Forrester confirms ‘the Facebook Factor’ in engaging brand loyalty!

| December 8, 2013

It’s no wonder Facebook is going through the roof, in terms of advertiser interest, when studies like The Facebook Factor:
Quantifying The Impact Of A Facebook Fan On Brand Interactions from Forrester deliver confirmations like the following:

  • Facebook fans are much more likely to purchase, consider, and recommend brands. Forrester tested against four brands –
    Best Buy, Coca-Cola, BlackBerry, and Walmart — and found that a Facebook fan has a significantly higher probability of brand interaction. “Smartphone owners who are Facebook fans of BlackBerry, for example, are 5.6 times more likely to have made a purchase from BlackBerry in the past 12 months than non-fans, with everything else held equal. And Facebook fans of Best Buy are about twice as likely to purchase from and recommend Best Buy. In the case of Coca-Cola, even though 71% of online Americans purchase the product,
    Facebook fans have a probability of 95% of doing so.
  • Facebook “fandom” has the largest impact on purchase.  For Best Buy, being a Facebook fan meant you were 5.3 times more likely to buy than would a non-fan.  And fans were far more likely to recommend the brand, too.
  • The value in your Facebook fan base is in their willingness to recommend. Facebook fans of each brand were much more likely to recommend them than non-fans. BlackBerry owners who were Facebook fans had an 87% probability of recommending BlackBerry to a friend or relative, while a BlackBerry owner who doesn’t engage with the brand on Facebook had a 44% likelihood. And they were three times as likely to recommend BlackBerry as were non-fan smartphone owners.

In other words, marketing via Facebook is incredibly powerful.   It’s why the Lead Generation Machine was created: to let marketers, big and small, leverage social media channels for their extraordinary ability to drive loyalty, conversation and evangelism around their brand and products.

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Facebook outperforms other Web-based advertising.

| December 2, 2013

It’s all about knowing your audience, and being able to target strong ties via effective social media marketing tools.  That’s why pundits and observers like Peter Kafka of All Things D can point out that a social media channel like Facebook is showing signs of becoming a better place to spend your ad dollar than a web-based campaign.

An ad on the Web may do a better job of reaching its audience than, say, a magazine ad. But that doesn’t mean it does a good job.

There’s data to back it up, too, not just anecdotal impressions, provided by Neilsen.  The example campaign, aimed strictly at women, only hit the target 25 percent of the time. 47 percent of the time, the ads were displayed to men.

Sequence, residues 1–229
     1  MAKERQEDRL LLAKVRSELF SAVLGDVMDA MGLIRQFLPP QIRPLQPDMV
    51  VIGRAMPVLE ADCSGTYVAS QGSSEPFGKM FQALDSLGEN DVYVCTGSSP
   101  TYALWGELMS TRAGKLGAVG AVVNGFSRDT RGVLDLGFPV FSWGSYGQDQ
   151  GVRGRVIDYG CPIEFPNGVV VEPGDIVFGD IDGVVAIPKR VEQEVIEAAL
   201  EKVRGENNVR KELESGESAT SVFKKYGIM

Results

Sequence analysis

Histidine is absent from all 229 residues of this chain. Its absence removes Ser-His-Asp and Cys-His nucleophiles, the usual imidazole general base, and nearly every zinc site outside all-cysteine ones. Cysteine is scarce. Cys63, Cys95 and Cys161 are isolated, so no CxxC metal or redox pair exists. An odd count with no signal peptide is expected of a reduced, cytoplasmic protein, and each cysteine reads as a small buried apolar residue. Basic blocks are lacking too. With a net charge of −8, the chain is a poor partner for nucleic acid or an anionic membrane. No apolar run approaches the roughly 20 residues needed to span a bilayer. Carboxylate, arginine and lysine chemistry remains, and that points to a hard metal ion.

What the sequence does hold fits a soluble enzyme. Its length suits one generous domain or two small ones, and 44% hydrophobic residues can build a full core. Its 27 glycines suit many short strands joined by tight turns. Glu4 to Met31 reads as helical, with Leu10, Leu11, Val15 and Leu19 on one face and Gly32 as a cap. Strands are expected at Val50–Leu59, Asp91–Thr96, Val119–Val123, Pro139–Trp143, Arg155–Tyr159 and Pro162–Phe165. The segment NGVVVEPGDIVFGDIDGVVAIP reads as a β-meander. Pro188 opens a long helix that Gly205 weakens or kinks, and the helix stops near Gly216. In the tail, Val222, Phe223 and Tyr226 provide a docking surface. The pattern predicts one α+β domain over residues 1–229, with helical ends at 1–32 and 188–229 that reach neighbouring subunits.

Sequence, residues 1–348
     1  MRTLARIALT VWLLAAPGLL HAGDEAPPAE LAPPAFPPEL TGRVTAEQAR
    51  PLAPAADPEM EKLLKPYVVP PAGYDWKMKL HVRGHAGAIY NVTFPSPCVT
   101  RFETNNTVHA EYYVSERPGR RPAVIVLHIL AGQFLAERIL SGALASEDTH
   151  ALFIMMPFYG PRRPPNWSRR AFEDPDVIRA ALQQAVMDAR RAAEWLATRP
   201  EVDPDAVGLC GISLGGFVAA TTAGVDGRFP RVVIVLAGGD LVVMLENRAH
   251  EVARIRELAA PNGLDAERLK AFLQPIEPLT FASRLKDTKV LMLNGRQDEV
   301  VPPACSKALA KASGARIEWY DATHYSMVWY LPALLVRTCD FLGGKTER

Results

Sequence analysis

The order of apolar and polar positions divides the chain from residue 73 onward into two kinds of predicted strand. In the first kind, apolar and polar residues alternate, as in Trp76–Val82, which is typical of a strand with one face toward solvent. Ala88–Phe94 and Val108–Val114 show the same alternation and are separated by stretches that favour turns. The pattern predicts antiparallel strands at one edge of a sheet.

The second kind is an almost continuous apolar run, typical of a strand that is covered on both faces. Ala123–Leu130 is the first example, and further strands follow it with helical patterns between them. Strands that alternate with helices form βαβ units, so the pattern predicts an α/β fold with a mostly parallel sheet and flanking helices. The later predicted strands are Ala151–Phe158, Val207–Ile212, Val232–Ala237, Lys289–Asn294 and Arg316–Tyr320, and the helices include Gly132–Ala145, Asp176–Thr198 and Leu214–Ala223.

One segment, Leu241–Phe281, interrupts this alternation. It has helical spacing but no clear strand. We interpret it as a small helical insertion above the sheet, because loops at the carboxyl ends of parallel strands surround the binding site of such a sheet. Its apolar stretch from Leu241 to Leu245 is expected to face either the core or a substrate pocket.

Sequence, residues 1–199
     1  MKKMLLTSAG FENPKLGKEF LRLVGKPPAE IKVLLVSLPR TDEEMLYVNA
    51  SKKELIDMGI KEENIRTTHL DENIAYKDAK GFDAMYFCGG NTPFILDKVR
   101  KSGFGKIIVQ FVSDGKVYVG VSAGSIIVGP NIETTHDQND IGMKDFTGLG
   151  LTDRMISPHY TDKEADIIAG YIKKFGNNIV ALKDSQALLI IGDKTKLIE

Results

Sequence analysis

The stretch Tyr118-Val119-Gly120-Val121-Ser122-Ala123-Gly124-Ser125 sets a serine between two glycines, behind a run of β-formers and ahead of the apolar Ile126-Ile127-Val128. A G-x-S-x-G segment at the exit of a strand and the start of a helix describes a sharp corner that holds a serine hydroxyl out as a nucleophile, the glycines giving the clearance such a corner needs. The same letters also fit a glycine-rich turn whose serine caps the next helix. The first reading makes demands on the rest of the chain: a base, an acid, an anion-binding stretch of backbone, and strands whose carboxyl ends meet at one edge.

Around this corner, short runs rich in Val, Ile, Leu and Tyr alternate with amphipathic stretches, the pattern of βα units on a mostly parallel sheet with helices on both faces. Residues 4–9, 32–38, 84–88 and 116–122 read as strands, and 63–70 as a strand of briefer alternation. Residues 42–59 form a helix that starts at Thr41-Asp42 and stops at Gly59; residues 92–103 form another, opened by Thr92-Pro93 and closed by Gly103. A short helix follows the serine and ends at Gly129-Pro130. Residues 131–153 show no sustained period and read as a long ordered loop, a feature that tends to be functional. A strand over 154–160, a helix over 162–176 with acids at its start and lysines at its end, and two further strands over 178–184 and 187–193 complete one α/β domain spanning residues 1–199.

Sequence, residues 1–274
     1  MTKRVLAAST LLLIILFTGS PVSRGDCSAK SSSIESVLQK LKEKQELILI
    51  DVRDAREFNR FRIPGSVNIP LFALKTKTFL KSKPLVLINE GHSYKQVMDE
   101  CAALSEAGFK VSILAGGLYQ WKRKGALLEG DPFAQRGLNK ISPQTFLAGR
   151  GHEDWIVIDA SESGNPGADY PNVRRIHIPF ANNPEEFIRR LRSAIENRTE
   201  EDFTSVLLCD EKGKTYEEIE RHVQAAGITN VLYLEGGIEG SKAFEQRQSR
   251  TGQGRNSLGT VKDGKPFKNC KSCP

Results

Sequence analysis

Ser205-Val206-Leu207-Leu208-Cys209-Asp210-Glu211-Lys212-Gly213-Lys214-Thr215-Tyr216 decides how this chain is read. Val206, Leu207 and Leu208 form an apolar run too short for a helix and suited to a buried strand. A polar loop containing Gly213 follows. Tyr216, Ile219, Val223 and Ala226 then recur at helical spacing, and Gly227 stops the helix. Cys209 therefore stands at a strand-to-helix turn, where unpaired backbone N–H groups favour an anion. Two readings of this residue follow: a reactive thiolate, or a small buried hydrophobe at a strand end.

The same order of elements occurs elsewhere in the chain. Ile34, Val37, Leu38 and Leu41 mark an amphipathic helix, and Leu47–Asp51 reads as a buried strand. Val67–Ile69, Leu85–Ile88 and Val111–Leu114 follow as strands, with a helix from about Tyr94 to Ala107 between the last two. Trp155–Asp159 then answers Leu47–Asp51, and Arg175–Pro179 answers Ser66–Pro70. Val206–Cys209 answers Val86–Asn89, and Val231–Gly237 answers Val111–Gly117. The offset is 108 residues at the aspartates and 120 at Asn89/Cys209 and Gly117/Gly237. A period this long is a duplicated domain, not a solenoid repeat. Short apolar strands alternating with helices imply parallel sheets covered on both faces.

It’s that “carpet bombing the Internet” analogy we’ve used before.  Facebook and other social media marketing channels are refining the way you can identify and speak to your best possible customer, using an API like the Lead Generation Machine to simplify and expedite the process. That ensures your ad spend is spent more effectively than before.

Because otherwise, you might get better results emptying a basket of cash out the window of your office, with your name and contact info jotted on each bill.

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Facebook marketing doubles in one year.

| April 6, 2012

For social media marketing users, it’s another bit of evidence that the SMM arena is becoming increasingly complex and crowded, and that tools that streamline and expedite social targeting and mining the social graph are an absolute necessity.

A new study indicates that spending on Facebook marketing doubled in the past year.

On a relative basis, this represents three to five per cent of search spend, indicating social media continues to be a “strong, digital advertising channel”, the authors of the report claim.

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Lead generation through Facebook — five “R”s to remember!

| April 2, 2012

A recent study of B2B marketers found that 93% of them are adopting social media as part of their marketing mix.  That’s just one category – all types of businesses are investing in the “big 3” of social media – Twitter, LinkedIn and Facebook – and are looking to capture quality leads using these channels.  But what’s the best way to maximize this opportunity?  How do you mine the social graph efficiently and impactfully?  Especially Facebook?

Facebook is cited by many respondents as being the channel where people are most engaged.  If you’re doing social targeting and social media prospecting, you obviously want to reach people where they’re paying the most attention, and where you’re inserting yourself into social conversations.